About the Project
Social cognition (e.g., theory of mind; the ability to understand other people’s minds) is critical to human social development. It enables us to communicate and interact successfully with others in our social environments. Atypical social cognitive and emotional development therefore can contribute to social difficulties (e.g., difficulties with friendships) and can have a host of downstream consequences for other non-social aspects of behaviour and cognition.
Children with neurodevelopmental problems (e.g., emotional, cognitive, and behavioural difficulties) are more likely to experience atypical social development compared to typically developing children; for example, they may show a delayed or atypical trajectory in their theory of mind. However, we currently have limited understanding of how individual differences in atypical social cognitive abilities contribute to neurodevelopmental problems in childhood. First, experimental tasks used to measure individual differences in social cognitive abilities in young childhood are limited. Second, research has tended to focus on how atypical social cognition contributes to social difficulties in autistic children alone, whilst overlooking atypical social cognition in children with broader, overlapping neurodevelopmental problems.
The Neurodevelopmental Assessment Unit (NDAU) at Cardiff University (https://www.cardiff.ac.uk/research/explore/research-units/neurodevelopment-assessment-unit) assesses children aged 4-7 years old with diverse neurodevelopmental problems on a range of cognitive, emotional and behavioural assessments. Given how frequently neurodevelopmental conditions overlap, instead of focusing on a particular condition (e.g., autism), NDAU takes a broader approach to understand how atypical cognition, emotion and behaviour contribute to a range of neurodevelopmental difficulties.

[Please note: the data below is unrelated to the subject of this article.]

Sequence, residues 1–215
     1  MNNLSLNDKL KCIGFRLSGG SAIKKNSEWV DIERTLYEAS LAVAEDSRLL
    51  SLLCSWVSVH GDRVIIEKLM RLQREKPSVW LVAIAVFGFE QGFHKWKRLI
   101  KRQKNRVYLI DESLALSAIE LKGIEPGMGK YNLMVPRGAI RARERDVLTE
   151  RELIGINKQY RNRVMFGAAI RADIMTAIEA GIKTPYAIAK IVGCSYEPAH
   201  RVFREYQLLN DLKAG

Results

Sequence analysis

This PhD project aims to 1) improve development of novel tasks to measure social cognition in young children, and 2) using these tasks, investigate how atypical social cognition contributes to a diverse range of neurodevelopmental problems in young childhood in the NDAU sample and typically developing children. The findings will inform important developmental social cognitive theory and interventions to support young children with social cognitive and emotional difficulties.
The successful candidate will be based in the Cardiff University Centre for Human Developmental Science (https://www.cardiff.ac.uk/research/explore/research-units/centre-for-human-developmental-science) and will be supervised by Dr Lucy Livingston and Professor Stephanie van Goozen, with external collaborators at the Universities of Bath and Bristol. The candidate will also be a member of the new GW4 Neurodevelopmental and Neurodiversity Network across Cardiff, Bath, Bristol and Exeter (https://www.neurodnetwork.com/).
The studentship will commence in October 2021 and will cover your tuition fees (at UK level) as well as a maintenance grant. In 2020-21 the maintenance grant for full-time students was £15,285 per annum. As well as tuition fees and a maintenance grant, all School of Psychology students receive access to courses offered by the University’s Doctoral Academy and become members of the University Doctoral Academy.
As only one studentship is available and a very high standard of applications is typically received, the successful applicant is likely to have a very good first degree (a First or Upper Second class BSc Honours or equivalent) and/or be distinguished by having relevant research experience.
How to Apply
Applicants should apply to the Doctor of Philosophy in Psychology with a start date of October 2021
In the research proposal section of your application, please specify the project title and supervisors of this project and copy the project description in the text box provided.
In the funding section, please select 'I will be applying for a scholarship/grant' and specify that you are applying for advertised funding from Atypical Social Cognition in Young Children with Neurodevelopmental Problems
Deadline for applications is the 19th March 2021 with interviews taking place in April 2021
However, there are a limited number of studentships available for international/EU applicants that can cover full or partial fees
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